I do not know when this started, but the way in which history is presented in school trains the subjects to look for single-point explanations of historical events. I was told by elders that the standard testing in history classes of the past used to consist of submitting a single paper at the end of the term, after having read the assigned reading list and discussing that which was read in class. I do not remember any testing in elementary school, just being read things like Johnny Tremain and The Red Badge of Courage by the teacher. Beginning in middle school we had multiple choice tests is the history classes, with questions like: Why did Thomas Jefferson buy the Louisiana Territory from the French? Circle A.,B.,C., or D., as if there was one reason that the event took place.

  2. Thomas Fleming says:

    Excellent point! If you have seen some of the recent fulminations against college students issued by professors who fall rather short of Zeus or Thor, you will have read their disgust with students who cannot answer the multiple choice question of what the Civll War was fought over (Slavery), or the cause of America’s entry into WW I (German submarine attacks. Contrast this with Herodotus and Thucydides, who put a variety of arguments in the mouths of participants, who cite different motives. At the outbreak of the Peloponnesian War, Thucydides says the Corinthians told the Spartans that the Athenians were remorseless imperialists, while the Athenians look on the Spartans as envious of their success. A solid narrative account, such as Thucydides, Xenophon, Tacitus, Polybius, and Procopius offer allows the reader to participate in the experience and, while the author may lead readers by their noses, they are left free to think. The Whig-Progressive theory encourages us to regard our predecessors as ignorant and irrational anticipations of ourselves, so of course King Charles was deposed and killed by the right sort of people who children expelled James II. A similar treatment is accorded, by every generation, to the rebels of 1776, who were once heroes of Anglo-Saxon liberties and are now bigots looking for the chance to murder Indians and Lynch Negroes. Southern nationalists and sympathizers, who saw this coming decades ago are enjoying the pleasures of Schadenfreude now that Northern heroes and symbols are under attack. This is one of many reasons by David Hume is indispensable if you want to free your mind from twaddle.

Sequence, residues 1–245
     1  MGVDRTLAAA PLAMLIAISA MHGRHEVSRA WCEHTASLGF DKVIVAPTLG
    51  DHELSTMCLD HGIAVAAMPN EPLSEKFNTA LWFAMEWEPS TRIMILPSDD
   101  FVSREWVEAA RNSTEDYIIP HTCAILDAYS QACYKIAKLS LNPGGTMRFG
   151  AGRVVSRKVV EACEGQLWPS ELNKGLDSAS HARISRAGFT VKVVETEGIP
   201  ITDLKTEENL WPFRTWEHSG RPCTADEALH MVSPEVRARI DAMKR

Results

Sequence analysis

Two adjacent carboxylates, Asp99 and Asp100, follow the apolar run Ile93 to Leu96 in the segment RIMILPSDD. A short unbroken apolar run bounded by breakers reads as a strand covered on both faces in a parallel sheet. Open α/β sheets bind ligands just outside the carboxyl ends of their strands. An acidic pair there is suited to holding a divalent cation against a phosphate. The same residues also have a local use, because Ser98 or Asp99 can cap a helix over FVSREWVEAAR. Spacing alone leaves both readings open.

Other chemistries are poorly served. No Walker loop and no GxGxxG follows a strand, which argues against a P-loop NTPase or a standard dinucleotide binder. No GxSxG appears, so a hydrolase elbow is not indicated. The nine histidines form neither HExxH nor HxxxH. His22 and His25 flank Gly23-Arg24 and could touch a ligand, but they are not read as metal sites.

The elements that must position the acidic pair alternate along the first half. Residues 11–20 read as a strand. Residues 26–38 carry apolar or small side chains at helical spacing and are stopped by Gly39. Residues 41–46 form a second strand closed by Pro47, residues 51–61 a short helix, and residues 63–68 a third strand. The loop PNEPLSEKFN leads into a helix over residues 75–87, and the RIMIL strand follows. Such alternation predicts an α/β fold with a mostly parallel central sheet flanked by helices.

3. Allen Wilson says:

    Of course you are right on every point you have made here, Dr Fleming. Now that you have mentioned Hume, I’m going to do something long overdue and obtain Hume’s History of England. Hopefully also Procopius, also long overdue. Finding the time to read them may be rather difficult.

  4. Michael Strenk says:

    I am constantly in awe of the sheer arrogance of the most ignorant bimbos in thinking that they are the absolute pinnacle of human achievement because, monkey-like, they can roll boogers across a tiny screen and obtain the secrets of the universe. We have become a cargo cult of technology worshipers. I read somewhere that the ancient Greeks invented the steam engine, but were apparently too “primitive” to imagine how it might be used, utilitarian Yankee-wise, to dominate the elements and disenfranchise their fellow citizens. It’s enough to make one run screaming out of one’s igloo, buck naked, into the winter night.

  5. Robert Reavis says:

    It has been discovered that with a dull urban population, all formed under a mechanical system of State education, a suggestion or command, however senseless and unreasoned, will be obeyed if it be sufficiently repeated.“
    Belloc in the Restoration of Property

  6. William Shofner says:

    The simple mind always looks for the simple answer. Rene’ Girard contents that most people look for ….and find…a scape goat for the source of their troubles. But when we find, and then hang, our scape goat, we doom ourselves to blindness, ignorance and, in time, destruction. Today, the Left condemns all whites under the battle flag of critical race theory. In response, the Right condemns all who teach this theory but then, in the same breath (as Laura Ingraham did last last), condemns anyone who teaches a doctrine that it believes is false, such as that the South didn’t start the War Against the States. Tom’s lament over the modern America mind’s “search for single causes of events” is well founded and most concerning. When someone announces that he has found the single cause of a certain important event in our history…and then others embrace that announcement, they stop searching for answers and denounce those who continue to search. As Hannah Arendt has pointed out, transforming questions of fact into questions of intent has been the great achievement of 20th century totalitarians….which dangerous achievement, Thomas Sowell maintains, has sadly survived the collapse of both fascism and communism but has become the hallmark of much of Western intelligentsia.

  7. Dom says:

    How does Roger Rabbit fit into all this?

  8. Eric Peterson says:

    Science is infected with single cause oversimplification too, partly demanded by the media and the public. Circle these: carbon dioxide, human immunodeficiency virus, sleeping less than six hours a night, big bang.

  9. Michael Strenk says:

    Yes Mr. Peterson, one disease, one cure, patented pharmaceuticals only need apply, no questions permitted.